Telomere deprotection results in chromosomes that are linked together (right) instead of separate (left). (Source Denchi et al. Nature)

Telomere deprotection results in chromosomes that are linked together (right) instead of separate (left). (Source Nature: Denchi et al., 2007)

Our larger focus in the lab is being able to understand cancer and specific telomere related genetic disorders that are associated with cancer.

Q: What was your CIRM Bridges experience like?

JT: CIRM was really amazing, and I credit it a lot for being able to start a PhD this fall. I’d been working in my lab at Cal Poly Pomona for five years, and my research unfortunately wasn’t working out. I was probably going to have to quit the program or take an out with an easier project. When I applied to CIRM, I was hoping to get the internship because if I didn’t get it, I was going to go down a completely different career path.

The CIRM internship was very valuable to me. It provided training through stem cell classes and lectures and allowed me to immerse myself in a real lab that had real equipment and personnel. The experience took my research knowledge to the next level and then some. And I knew for sure it had when I was at the poster session during the Bridges conference. I was walking around and asking students about their research, and I understood clearly the path of their research. I knew what questions were good to ask and what the graphs meant without having to take them home and dissect them. It was extremely satisfying to be able to understand other’s scientific research by just listening to them.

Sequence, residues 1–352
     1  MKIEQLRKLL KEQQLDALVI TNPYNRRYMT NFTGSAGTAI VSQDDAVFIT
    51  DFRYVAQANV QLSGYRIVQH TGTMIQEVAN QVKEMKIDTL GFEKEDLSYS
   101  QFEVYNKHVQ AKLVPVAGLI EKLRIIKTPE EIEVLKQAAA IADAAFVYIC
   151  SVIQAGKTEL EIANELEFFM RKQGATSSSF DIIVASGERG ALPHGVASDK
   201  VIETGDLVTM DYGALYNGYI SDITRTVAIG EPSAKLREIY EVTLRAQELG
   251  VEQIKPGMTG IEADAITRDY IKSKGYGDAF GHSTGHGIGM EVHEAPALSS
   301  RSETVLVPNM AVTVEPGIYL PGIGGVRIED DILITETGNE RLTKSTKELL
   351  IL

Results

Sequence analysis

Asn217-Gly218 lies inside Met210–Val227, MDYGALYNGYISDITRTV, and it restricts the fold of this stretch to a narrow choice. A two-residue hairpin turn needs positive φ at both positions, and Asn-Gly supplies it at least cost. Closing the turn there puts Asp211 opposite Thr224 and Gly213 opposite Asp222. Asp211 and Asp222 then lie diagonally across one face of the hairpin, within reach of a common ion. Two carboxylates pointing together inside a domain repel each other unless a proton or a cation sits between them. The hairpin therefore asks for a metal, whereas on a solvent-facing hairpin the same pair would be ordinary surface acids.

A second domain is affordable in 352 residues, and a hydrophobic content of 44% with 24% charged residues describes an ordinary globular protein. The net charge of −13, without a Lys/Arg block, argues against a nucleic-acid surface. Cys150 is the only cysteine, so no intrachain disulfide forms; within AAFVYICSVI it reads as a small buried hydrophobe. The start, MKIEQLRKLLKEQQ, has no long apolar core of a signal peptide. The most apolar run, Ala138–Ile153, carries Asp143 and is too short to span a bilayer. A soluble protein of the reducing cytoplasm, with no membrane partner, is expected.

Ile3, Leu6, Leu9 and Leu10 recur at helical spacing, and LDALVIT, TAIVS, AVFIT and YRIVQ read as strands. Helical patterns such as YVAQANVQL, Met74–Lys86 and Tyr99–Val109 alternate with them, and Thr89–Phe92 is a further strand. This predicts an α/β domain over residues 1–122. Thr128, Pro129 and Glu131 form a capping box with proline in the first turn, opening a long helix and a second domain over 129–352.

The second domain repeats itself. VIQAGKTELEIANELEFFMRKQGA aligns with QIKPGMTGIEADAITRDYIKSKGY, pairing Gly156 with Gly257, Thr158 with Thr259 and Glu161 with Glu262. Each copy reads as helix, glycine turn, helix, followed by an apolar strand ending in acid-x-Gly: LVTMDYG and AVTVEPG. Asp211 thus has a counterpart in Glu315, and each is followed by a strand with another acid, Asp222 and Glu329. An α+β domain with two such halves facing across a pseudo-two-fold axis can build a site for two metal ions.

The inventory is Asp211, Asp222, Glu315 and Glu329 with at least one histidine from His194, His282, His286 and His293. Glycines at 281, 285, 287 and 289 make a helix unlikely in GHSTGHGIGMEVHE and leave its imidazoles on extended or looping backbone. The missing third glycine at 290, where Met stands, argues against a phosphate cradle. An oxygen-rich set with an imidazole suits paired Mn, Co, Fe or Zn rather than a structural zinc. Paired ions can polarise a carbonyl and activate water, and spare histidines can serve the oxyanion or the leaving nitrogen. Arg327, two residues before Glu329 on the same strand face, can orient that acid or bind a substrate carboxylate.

I am so excited to start my PhD in the fall. For the first time, I feel confident about my foundational biology and research skills. I also have a better understanding of myself and where I need to improve in comprehension and technique. I am ready to jump into grad school and improve as a scientist.

Q: What are your future career steps?

JT: I want to do something that involves teaching or being able to educate people. I’ve worked as a TA in my master’s program for a few years, and I really enjoy that experience of clarifying complex subjects for people. But to be honest, I also don’t know what I want to do right now so I’m keeping my options open.

Q: What’s your favorite thing about being scientist?

JT: Being a scientist forces you to never be complacent in what you understand. If I had never gotten my master’s, there would be this whole level of critical thinking that I wouldn’t have right now. Learning more is one of the biggest reasons why I want to get my PhD even if I don’t know exactly what I want to do yet.

I want to be able to think at a higher level because I think it’s valuable. And I see my Professor at Scripps: he has all these publications under his belt, but he’s always tinkering with things and he’s always learning new software and he’s always reading new papers. As a scientist, you can’t be stagnant in your learning, and I think because of that you’re always pushing yourself to your best potential.